Every rich bitch loves the feel of a quality cashmere sweater, especially as the weather grows colder during the winter months.  But did you know there are very specific rules governing what counts as cashmere and what doesn’t?  There is actually a U.S. Wool Products Labeling Act that dates back to 1939 that was amended with a specific definition of cashmere.  Legally, it is required that the cashmere must come from Capra hircus laniger (the cashmere goat), the fibers must have an average diameter that doesn’t exceed 19 microns, and less than 3% of the fibers can exceed 30 microns. Who knew that so much detail went into the label of your favorite scarf, sweater, or blanket?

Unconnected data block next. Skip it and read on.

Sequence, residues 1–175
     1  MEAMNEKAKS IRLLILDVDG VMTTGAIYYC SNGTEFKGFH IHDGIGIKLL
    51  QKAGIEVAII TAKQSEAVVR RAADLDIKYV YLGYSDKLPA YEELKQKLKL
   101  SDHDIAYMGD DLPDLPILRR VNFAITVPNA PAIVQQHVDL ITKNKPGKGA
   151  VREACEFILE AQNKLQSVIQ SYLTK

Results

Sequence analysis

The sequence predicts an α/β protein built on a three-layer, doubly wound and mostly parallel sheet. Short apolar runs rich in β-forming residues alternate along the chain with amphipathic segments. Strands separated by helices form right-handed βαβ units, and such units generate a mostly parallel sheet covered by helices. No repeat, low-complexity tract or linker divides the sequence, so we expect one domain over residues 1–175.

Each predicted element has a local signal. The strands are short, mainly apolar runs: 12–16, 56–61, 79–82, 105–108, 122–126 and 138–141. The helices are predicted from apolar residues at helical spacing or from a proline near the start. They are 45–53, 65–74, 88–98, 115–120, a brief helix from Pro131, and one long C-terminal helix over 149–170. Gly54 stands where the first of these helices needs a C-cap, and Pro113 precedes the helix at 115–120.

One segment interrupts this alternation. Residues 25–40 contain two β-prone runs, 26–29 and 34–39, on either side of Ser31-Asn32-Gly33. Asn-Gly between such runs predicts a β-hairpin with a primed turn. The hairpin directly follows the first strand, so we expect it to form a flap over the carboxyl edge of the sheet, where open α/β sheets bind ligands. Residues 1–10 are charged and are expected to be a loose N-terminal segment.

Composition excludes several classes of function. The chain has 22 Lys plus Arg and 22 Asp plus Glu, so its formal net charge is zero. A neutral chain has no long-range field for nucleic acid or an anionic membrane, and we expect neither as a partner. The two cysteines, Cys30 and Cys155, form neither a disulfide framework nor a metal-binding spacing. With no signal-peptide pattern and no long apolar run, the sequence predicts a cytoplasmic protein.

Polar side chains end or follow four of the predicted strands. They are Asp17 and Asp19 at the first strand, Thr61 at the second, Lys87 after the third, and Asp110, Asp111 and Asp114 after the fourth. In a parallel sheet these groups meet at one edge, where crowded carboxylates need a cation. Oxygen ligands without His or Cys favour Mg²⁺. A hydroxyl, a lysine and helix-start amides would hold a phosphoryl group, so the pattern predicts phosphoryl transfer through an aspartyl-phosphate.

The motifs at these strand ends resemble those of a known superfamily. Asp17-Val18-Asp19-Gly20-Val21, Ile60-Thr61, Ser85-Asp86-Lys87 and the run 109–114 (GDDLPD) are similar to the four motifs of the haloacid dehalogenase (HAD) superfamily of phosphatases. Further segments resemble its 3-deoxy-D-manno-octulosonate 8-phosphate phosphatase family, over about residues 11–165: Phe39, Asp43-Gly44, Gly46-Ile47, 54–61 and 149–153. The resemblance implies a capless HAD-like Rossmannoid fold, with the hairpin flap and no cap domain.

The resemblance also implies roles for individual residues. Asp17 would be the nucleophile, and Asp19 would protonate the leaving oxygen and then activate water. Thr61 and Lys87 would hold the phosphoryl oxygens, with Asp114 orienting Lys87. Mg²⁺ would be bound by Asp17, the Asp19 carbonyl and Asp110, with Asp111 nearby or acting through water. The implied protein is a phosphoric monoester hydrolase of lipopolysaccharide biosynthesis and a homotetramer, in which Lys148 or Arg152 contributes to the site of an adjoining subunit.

There’s also occasionally some confusion about the difference between cashmere and pashmina.   The fact is that they both come from the same source.  However, pashmina is hand-spun Capra Hircus hairs, as opposed to the modern methods that have been developed to handle cashmere.  Today, the term is used almost exclusively for the popular scarves with the knotted fringe.  This has, of course, led to misnomers like viscose pashmina and even wool pashmina, which aren’t actually made from the real cashmere fibers. Whether you’re looking for pure cashmere or you want a blend such as linen or silk, make sure that you’re buying from a reliable source.  That way, you know you can count on the statements they provide regarding the composition and the content of the cashmere you’re buying.

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